Tales from the Morgue: Visitors crowd hotels for opening of rodeo in 1925

2010-02-25T18:00:00Z 2014-02-15T17:56:20Z Tales from the Morgue: Visitors crowd hotels for opening of rodeo in 1925Johanna Eubank, Arizona Daily Star Arizona Daily Star
February 25, 2010 6:00 pm  • 

From the Arizona Daily Star Saturday, Feb. 21, 1925:

VISITORS CROWD HOTELS FOR OPENING OF RODEO

Indians in Native Regalia and Mounted Police to Add Color to Pageant Preceding La Fiesta de Los Vaqueros.

With a crash of martial music from two military bands, the tramp of horses' feet and the colorful stream of cowboys, cowgirls and Indians, the Fiesta de los Vaqueros, Tucson's first annual rodeo will open this morning when the parade starts on west Congress street at 10:30 o'clock.

Contestants and visitors from all parts of the country are filling the hotels and rooming houses of the city to capacity, and more cars are arriving each hour, bringing people who are either taking part, or wishing to see the rodeo at Santa Catalina field.

 

Prizes for the parade were offered in categories that included most typical cowboy costume, most typical cowgirl, prettiest horse, biggest hat, finest saddle and bridle, best decorated auto, most comical costume, oldest man on horseback, most typical prospector, best outfitted child under 12, fattest horse and skiniest horse.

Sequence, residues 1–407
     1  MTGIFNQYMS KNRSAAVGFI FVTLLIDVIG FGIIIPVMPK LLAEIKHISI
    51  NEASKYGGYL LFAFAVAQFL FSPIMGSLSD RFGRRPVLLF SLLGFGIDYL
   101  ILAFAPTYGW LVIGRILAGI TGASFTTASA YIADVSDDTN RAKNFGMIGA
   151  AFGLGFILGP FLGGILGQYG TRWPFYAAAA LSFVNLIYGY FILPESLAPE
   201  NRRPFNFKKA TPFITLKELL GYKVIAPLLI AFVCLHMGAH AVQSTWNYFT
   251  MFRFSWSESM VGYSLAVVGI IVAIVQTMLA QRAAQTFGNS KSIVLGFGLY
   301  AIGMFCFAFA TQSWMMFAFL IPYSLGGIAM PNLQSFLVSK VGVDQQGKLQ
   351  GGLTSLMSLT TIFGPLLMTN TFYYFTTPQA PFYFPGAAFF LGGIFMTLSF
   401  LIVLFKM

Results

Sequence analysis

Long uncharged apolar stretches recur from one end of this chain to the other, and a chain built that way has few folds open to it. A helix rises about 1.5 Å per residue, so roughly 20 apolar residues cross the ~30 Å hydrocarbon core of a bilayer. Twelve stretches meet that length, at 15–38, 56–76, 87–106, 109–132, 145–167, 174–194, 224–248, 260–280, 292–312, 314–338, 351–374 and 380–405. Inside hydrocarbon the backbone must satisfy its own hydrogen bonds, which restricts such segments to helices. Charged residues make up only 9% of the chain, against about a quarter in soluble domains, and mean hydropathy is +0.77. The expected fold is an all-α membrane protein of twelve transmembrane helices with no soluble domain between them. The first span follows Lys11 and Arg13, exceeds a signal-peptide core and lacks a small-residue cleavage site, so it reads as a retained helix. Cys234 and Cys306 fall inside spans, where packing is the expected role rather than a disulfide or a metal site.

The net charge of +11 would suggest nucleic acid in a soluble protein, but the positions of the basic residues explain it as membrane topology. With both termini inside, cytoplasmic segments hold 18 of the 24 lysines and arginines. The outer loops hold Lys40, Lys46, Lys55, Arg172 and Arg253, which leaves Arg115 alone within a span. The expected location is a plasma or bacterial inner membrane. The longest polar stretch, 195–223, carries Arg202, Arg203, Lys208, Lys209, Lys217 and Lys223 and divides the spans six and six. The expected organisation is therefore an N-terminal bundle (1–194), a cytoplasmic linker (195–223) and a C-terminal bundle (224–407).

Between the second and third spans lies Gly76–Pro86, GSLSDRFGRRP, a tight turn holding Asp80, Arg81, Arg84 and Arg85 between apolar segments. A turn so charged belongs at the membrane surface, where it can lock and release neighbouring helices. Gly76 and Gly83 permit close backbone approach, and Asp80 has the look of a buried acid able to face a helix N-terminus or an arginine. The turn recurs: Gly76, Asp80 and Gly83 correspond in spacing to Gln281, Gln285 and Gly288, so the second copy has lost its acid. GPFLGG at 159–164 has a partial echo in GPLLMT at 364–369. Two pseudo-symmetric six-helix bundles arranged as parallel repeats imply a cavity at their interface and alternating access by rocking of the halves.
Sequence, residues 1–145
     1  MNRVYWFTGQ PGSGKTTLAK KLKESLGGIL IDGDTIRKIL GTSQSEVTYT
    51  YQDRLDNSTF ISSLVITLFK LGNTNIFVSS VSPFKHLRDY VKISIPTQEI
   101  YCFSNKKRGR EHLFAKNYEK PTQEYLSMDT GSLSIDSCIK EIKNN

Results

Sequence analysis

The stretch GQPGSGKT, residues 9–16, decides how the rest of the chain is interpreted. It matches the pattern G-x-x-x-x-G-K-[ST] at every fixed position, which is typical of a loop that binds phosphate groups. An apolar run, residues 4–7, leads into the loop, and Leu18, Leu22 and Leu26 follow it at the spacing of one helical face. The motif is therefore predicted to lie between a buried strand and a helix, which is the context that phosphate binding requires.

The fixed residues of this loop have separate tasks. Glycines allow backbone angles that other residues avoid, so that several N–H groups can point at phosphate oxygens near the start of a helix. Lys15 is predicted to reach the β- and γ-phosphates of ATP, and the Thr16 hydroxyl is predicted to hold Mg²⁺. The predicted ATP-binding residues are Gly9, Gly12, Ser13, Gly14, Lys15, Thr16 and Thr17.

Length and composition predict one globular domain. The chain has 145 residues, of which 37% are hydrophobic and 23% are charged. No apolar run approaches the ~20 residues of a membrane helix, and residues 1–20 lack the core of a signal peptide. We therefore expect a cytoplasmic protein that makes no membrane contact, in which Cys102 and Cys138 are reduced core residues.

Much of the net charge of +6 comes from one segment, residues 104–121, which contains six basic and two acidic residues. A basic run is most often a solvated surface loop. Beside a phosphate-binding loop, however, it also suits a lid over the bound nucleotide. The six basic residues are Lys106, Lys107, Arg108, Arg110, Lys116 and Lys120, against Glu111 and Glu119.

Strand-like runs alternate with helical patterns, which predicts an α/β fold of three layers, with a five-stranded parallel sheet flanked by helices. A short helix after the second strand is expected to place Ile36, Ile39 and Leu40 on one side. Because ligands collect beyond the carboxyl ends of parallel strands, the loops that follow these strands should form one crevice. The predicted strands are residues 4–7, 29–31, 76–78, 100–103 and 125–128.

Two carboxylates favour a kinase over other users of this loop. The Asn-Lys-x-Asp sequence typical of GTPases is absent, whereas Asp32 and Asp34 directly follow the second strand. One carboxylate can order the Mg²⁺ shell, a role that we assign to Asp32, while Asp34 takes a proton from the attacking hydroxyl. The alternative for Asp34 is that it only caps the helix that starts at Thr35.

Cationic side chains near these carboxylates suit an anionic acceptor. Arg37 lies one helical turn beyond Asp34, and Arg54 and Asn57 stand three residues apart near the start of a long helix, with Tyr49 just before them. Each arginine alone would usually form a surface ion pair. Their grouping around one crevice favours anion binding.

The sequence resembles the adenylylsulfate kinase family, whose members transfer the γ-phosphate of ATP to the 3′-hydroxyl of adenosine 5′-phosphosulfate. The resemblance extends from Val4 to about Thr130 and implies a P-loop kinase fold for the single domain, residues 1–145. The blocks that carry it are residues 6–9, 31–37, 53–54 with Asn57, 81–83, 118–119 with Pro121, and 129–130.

Prizes included cash and merchandise from local stores. One merchandise prize was a 100-pound sack of potatoes. The prize for fattest horse was "one big cactus ham from Arizona Packing Co."

The prize for skinniest horse was one pair of ladies's silk teddies from Myers & Bloom. Let's hope the skinniest horse was ridden by a woman.

The Arizona Corporation Commission made arrangements for people without cars to arrive at the parade and rodeo in taxis. Rides were 25 cents each way for a party of four and applied to all the taxi lines in the city during the rodeo.

And, yes, the rodeo meant a school holiday even in 1925:

Aiding in making the first annual rodeo a success, the heads of all of the city schools and the University of Arizona have declared Monday a holiday, and all of the students will be able to attend. The Evans School for Boys, at Tanque Verde, will be closed Monday, and the students are attending the show as a body, the bigger number of them arriving in the city last night to remain over the three days of the event.

 

Tomorrow: Some of the performers.

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About this blog

Tales from the Morgue is a way for the Star to share stories from the treasure trove of information held in its old files.

Johanna Eubank, aka the Morgue Lady, was a research assistant in the Star Library - also known as News and Research Services - for 18 years before becoming an online content producer. She has had her share of sneezing fits after digging into dusty old files, so she's sure to find a few old stories to re-examine.

If you have suggestions, comments or questions about this blog, e-mail jeubank@tucson.com.